Author Topic: impersonal gods  (Read 565 times)

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Offline nebula

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impersonal gods
« on: July 12, 2013, 09:45:22 PM »
Here at the bottom of this post I have included links for two different Wikipedia articles.   The first is about the idea of a personal god and the second is about the impersonal god.

In the personal god article, you get the sense that some of the people who think in terms of a personal god are only using it as a metaphor or analogy for an impersonal god because personal gods are easier to understand.   

What are your views on the idea of an impersonal god; do you believe in one?   Why or why not?   

http://en.wikipedia.org/wiki/Personal_god

http://en.wikipedia.org/wiki/Absolute_%28philosophy%29

Offline Azdgari

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Re: impersonal gods
« Reply #1 on: July 12, 2013, 11:37:08 PM »
If it's not personal - ie., not a conscious entity - then why call it "God" in the first place?[1]
 1. Aside from gaining social points with religious people, I mean.
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Offline nebula

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Re: impersonal gods
« Reply #2 on: July 13, 2013, 07:44:01 AM »
If it's not personal - ie., not a conscious entity - then why call it "God" in the first place?[1]
 1. Aside from gaining social points with religious people, I mean.

"Personal god" isn't a redundant adjective+noun pair as these are:

http://typewell.com/ContinuingEd/ReducingRedundancy/ReducingAdjNounPractice.pdf

"God" is just the ground of all being, whether that ground is personal or impersonal.  It doesn't denote a ground with human characteristics.   If it did then "impersonal god" would be a contradictory, nonsensical phrase.   But this isn't the case.   It's a valid phrase in the english language.

impersonal [?m?p??s?n?l]
adj
1. without reference to any individual person; objective an impersonal assessment
2. devoid of human warmth or sympathy; cold an impersonal manner
3. not having human characteristics an impersonal God

http://www.thefreedictionary.com/impersonal

Offline junebug72

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Re: impersonal gods
« Reply #3 on: July 13, 2013, 07:46:21 AM »
If I believe God communicates with each of us through our conscience does that mean I believe in a personal God?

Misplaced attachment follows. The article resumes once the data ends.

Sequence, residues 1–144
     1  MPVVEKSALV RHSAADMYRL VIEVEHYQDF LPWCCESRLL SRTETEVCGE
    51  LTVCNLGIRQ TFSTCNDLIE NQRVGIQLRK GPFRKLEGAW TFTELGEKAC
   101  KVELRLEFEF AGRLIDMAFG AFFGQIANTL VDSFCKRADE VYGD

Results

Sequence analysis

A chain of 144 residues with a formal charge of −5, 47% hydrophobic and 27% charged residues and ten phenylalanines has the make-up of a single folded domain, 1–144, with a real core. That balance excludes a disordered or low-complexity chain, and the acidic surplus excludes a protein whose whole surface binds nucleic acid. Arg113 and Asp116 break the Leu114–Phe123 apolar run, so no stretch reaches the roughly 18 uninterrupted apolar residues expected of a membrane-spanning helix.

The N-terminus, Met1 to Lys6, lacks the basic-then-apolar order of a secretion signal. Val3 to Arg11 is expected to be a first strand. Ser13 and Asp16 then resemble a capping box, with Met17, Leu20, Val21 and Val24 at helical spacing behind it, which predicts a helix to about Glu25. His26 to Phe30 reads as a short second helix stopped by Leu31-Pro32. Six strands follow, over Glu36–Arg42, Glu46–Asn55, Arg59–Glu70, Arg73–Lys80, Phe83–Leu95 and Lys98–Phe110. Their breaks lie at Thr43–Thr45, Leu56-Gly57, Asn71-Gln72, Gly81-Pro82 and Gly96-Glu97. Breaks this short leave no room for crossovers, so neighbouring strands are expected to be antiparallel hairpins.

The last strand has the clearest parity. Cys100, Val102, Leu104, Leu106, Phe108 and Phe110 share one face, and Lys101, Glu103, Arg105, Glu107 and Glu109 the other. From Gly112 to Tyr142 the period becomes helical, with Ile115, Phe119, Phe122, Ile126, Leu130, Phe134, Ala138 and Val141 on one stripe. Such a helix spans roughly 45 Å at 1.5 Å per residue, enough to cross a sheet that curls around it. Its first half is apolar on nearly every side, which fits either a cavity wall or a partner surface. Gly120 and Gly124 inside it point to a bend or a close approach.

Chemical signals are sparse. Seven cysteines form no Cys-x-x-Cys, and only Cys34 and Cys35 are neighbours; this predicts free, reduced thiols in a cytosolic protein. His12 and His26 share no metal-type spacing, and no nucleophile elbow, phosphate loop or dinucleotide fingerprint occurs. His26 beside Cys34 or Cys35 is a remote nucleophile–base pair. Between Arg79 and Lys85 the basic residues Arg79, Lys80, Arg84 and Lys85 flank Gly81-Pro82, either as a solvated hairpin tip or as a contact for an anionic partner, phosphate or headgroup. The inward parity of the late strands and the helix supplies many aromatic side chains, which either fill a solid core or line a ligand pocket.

Belief in a cruel God makes a cruel man.
Thomas Paine

Read more at http://www.brainyquote.com/quotes/authors/t/thomas_paine.html#XXwlhVIMq06zWg2d.99

Offline nebula

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Re: impersonal gods
« Reply #4 on: July 13, 2013, 07:48:32 AM »
If I believe God communicates with each of us through our conscience does that mean I believe in a personal God?

Yes. 

Offline junebug72

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Re: impersonal gods
« Reply #5 on: July 13, 2013, 07:51:22 AM »
If I believe God communicates with each of us through our conscience does that mean I believe in a personal God?

Yes.

Will you share your POV please.
Belief in a cruel God makes a cruel man.
Thomas Paine

Read more at http://www.brainyquote.com/quotes/authors/t/thomas_paine.html#XXwlhVIMq06zWg2d.99

Offline nebula

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Re: impersonal gods
« Reply #6 on: July 13, 2013, 08:06:58 AM »
Will you share your POV please.

It's the first sentence in the personal god article:

"A personal god is a deity who can be related to as a person[1] instead of as an "impersonal force", such as the Absolute, "the All", or the "Ground of Being"."

If it is communicating with you, you are relating to it as a person.   For example, you don't think of energy or biological life as communicating with you.   The only things that communicate with you are persons, such as a human or a cat.   
« Last Edit: July 13, 2013, 08:12:56 AM by nebula »

Offline nebula

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Re: impersonal gods
« Reply #7 on: July 13, 2013, 08:18:58 AM »
I guess it's the difference between being itself (impersonal) and a being (personal).
« Last Edit: July 13, 2013, 08:23:00 AM by nebula »

Offline ParkingPlaces

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Re: impersonal gods
« Reply #8 on: July 13, 2013, 09:17:31 AM »
Sadly, I can't get into this too much today because I have to work. I do have time for this though:

Do I believe in a personal god? Certainly not.

An impersonal god? Well, luckily, if there is an impersonal god, it is not demanding my faith, my belief. And if there isn't, I won't be able to tell the difference. So until some sort of proof (which should be available, because an impersonal god wouldn't deliberately be playing hide and seek) shows up, I am going to say no.

I am not one to ascribe human constructs such as god-like status to everything that moves. Including the universe. If, via the laws of physics at the time, our universe poofed or otherwise came into existence, and it was entirely physical, devoid of any sort of intelligence and we are merely the result of various forces at play, I'm not in the mood to get all excited about it and worship helium or something. That, to me, is an impractical practice that has nothing to offer other than smug self-satisfaction. And I can get that just by driving past a McDonalds and not buying anything.

Not everyone is entitled to their own opinion. They're all entitled to mine though.

Offline nebula

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Re: impersonal gods
« Reply #9 on: July 13, 2013, 10:06:47 AM »
Sadly, I can't get into this too much today because I have to work. I do have time for this though:

Do I believe in a personal god? Certainly not.

An impersonal god? Well, luckily, if there is an impersonal god, it is not demanding my faith, my belief. And if there isn't, I won't be able to tell the difference. So until some sort of proof (which should be available, because an impersonal god wouldn't deliberately be playing hide and seek) shows up, I am going to say no.